Bloomberg News

Sandusky’s Five-Minute Hearing Draws Crowds, Closes Streets

December 14, 2011

Dec. 13 (Bloomberg) -- Hundreds of people braved below- freezing temperatures to witness a pretrial hearing for Jerry Sandusky, the former Pennsylvania State University assistant football coach accused of sexually abusing boys.

Judge Thomas Kistler, the knot of a red, white and blue necktie poking out from his overcoat, stood at the door to the Centre County Courthouse in Bellefonte, Pennsylvania, today giving parking information to spectators who had won a lottery for seats in the courtroom.

More than 1,300 people had vied for 100 public spots, and the winners were lined up an hour before the 8:30 a.m. session began. The temperature was about 20 degrees Fahrenheit (-7 Celsius). Another 156 seats were set aside for reporters, with more rooms for the overflow. Megan Salgel, 23, came down from Penn State, where she is a senior, to watch the hearing.

“I think it’s really unfortunate circumstances,” Salgel said of the charges against Sandusky, who is accused of molesting 10 boys and faces more than 40 criminal counts. Salgel said her father, aunts, uncle and cousins all attended Penn State, where Sandusky, 67, worked for 30 years.

Joe Salvato, a 21-year-old Penn State junior from Cherry Hill, New Jersey, said he came “to witness history.”

History lasted about five minutes, at the hearing to determine whether the case should be held over for trial.

Hearing Waived

Sandusky entered the courtroom with his attorney, Joseph Amendola, shortly before 8:30. The two men left the room followed by members of the prosecution team. When they returned, Amendola spoke to Judge Robert Scott, who announced that Sandusky was waiving his right to the hearing.

There were gasps in the courtroom, which quickly emptied. Reporters were told to remain seated while Sandusky and his family exited through a door behind the judge’s bench.

The streets around the 19th-century courthouse were cordoned off last night to accommodate 28 satellite-television trucks. Orange and black cables crisscrossed the street and cameras were arranged in a semi-circle on the courthouse lawn, pointed at a lectern with microphones.

State troopers, local police and sheriff’s deputies patrolled the streets and operated checkpoints at the courthouse.

Hundreds of journalists descended on this town of 6,000 people, 10 miles (16 kilometers) from State College, where Penn State is located and where Sandusky served as a defensive assistant under Joe Paterno, who was fired last month as the Nittany Lions’ head football coach. Paterno hasn’t been accused of criminal wrongdoing.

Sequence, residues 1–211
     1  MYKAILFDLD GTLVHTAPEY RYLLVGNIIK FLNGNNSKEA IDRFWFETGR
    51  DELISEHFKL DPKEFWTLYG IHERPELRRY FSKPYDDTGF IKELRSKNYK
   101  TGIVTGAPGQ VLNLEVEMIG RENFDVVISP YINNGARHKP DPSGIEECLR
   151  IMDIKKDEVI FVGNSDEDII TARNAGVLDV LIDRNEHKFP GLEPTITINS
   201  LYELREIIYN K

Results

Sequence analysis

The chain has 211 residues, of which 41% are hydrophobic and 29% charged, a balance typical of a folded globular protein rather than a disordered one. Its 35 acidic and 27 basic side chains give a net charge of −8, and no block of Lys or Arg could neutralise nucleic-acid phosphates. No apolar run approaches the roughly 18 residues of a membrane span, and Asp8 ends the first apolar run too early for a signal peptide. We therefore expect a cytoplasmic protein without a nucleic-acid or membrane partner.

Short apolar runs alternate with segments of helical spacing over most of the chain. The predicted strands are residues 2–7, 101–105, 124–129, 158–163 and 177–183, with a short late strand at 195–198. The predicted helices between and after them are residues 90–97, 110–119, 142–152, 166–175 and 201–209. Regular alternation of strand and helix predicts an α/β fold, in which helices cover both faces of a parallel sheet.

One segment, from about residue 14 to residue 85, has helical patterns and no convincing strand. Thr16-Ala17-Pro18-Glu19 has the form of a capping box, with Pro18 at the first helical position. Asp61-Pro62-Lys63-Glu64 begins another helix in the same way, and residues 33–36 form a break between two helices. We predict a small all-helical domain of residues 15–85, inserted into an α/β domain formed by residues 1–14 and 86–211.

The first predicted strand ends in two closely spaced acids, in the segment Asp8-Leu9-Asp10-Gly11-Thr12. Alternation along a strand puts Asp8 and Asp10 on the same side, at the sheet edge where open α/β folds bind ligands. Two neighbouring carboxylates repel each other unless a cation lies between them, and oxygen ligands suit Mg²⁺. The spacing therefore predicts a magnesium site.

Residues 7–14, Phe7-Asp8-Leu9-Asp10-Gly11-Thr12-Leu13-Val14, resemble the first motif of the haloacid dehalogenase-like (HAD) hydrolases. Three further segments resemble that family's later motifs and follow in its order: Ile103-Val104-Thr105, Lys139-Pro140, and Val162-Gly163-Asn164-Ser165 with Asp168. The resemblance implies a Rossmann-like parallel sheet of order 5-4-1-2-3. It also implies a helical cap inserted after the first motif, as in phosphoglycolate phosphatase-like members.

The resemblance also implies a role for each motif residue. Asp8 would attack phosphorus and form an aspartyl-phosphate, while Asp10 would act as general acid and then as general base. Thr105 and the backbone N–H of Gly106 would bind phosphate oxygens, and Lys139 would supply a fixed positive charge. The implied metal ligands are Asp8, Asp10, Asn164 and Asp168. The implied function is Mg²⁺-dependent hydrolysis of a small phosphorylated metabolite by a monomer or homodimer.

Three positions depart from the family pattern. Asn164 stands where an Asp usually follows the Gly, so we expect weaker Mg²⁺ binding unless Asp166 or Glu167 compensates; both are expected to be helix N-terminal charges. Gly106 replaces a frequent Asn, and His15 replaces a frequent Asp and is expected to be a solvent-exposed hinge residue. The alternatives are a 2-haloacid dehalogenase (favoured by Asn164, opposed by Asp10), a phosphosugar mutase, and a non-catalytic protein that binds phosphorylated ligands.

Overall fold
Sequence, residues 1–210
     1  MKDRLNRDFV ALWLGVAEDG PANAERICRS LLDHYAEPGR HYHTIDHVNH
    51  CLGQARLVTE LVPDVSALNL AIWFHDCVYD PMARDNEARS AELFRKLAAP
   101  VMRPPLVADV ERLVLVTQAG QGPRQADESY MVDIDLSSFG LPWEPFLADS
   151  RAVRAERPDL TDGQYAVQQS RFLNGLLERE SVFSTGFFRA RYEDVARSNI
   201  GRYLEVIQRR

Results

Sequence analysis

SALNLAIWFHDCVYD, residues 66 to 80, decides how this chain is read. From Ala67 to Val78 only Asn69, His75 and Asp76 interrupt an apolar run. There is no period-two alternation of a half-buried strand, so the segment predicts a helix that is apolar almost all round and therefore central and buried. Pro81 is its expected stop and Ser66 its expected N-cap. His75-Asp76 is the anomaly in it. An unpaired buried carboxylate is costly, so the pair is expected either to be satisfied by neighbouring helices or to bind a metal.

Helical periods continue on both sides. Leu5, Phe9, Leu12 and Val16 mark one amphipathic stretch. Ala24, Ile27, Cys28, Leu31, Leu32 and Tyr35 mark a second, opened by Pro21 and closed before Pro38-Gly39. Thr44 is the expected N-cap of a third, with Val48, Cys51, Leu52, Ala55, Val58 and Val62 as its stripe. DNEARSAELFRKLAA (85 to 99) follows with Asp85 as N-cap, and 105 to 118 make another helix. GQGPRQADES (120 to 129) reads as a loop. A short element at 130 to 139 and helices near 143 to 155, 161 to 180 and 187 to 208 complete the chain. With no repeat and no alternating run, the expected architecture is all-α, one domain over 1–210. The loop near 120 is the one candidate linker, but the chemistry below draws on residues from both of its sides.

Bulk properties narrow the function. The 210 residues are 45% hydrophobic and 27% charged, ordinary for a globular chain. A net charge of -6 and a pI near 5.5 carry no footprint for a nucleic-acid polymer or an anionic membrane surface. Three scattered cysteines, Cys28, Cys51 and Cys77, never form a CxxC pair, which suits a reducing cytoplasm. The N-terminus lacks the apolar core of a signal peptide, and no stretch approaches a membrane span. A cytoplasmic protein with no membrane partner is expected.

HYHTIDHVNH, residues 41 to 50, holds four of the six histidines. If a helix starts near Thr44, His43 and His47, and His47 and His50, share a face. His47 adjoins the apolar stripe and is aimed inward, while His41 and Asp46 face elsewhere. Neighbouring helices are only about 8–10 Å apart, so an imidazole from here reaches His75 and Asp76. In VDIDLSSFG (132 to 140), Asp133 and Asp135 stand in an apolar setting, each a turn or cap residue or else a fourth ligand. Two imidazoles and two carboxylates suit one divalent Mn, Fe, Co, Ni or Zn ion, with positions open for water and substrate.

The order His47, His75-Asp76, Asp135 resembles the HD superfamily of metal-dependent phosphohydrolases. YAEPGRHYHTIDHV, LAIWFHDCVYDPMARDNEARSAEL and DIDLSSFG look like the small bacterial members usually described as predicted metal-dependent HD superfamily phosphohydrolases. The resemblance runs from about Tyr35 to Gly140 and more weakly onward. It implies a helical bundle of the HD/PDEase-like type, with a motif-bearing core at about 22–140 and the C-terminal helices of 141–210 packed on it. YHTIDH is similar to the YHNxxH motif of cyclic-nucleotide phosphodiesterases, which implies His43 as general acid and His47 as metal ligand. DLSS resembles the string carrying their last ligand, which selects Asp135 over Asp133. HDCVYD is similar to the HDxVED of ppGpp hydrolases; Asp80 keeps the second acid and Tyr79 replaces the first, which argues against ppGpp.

Reporter Credentials

About 200 reporters were given credentials, according to Jim Koval of the Administrative Office of Pennsylvania Courts. He said about 100 more technicians or other journalists showed up without seeking courtroom or overflow room seats.

On Nov. 5, Sandusky was charged with 40 counts involving eight boys. He was rearrested last week and charged with more crimes after two new accusers came forward. The charges include nine counts of involuntary deviate sexual intercourse, each punishable by as much as 20 years in prison. He pleaded not guilty today in a waiver of arraignment, according to court records.

Beginning in November, state and local court, law- enforcement and emergency officials began planning for the hearing, according to Maxine Ishler, the Centre County court administrator. Local judges had recused themselves from the case. Kistler’s job was to oversee logistics such as parking, not legal matters, Ishler said.

Confronting Witnesses

The hearing today would have allowed Sandusky and his lawyer to confront and cross-examine his accusers. Eleven witnesses were scheduled to testify, Senior Deputy Attorney General Marc Costanzo told reporters on the courthouse lawn minutes after the proceeding.

Most of the witnesses were young men, waiting to explain what Sandusky allegedly did to them when they were enrolled in Second Mile, the charity for troubled and needy boys Sandusky founded, according to lawyers in the case.

Prosecutors allege Sandusky used Second Mile to recruit victims, befriending them and “grooming” them with gifts, trips to Penn State football games and money. The alleged victims ranged in age from 10 to 15 when the abuse occurred, according to court documents.

The accusers’ identities wouldn’t be publicly disclosed, said Ben Andreozzi, who represents a man identified only as Victim 4 in a grand jury report. His client had become “an extension of the Sandusky family,” so frequently did Sandusky take him to games and bring him home for overnight stays, Andreozzi said.

Shaking Witness

Victim 4, scheduled to go on first, was shaking nervously as he waited to testify, Andreozzi, said.

“I can’t believe they put us through this until the last second, only to waive the hearing,” Victim 4 said in a handwritten statement Andreozzi read to reporters.

“He was ready,” the lawyer said. “He would have been damaging.”

The case is Commonwealth of Pennsylvania v. Sandusky, MJ- 49201-cr-0000636-2011, Magisterial District Court, Centre County.

--Editors: Andrew Dunn, Stephen Farr

To contact the reporter on this story: Sophia Pearson in Bellefonte, Pennsylvania, at spearson3@bloomberg.net; Ann Woolner in Bellefonte at awooolner@bloomberg.net.

To contact the editor responsible for this story: Michael Hytha at mhytha@bloomberg.net


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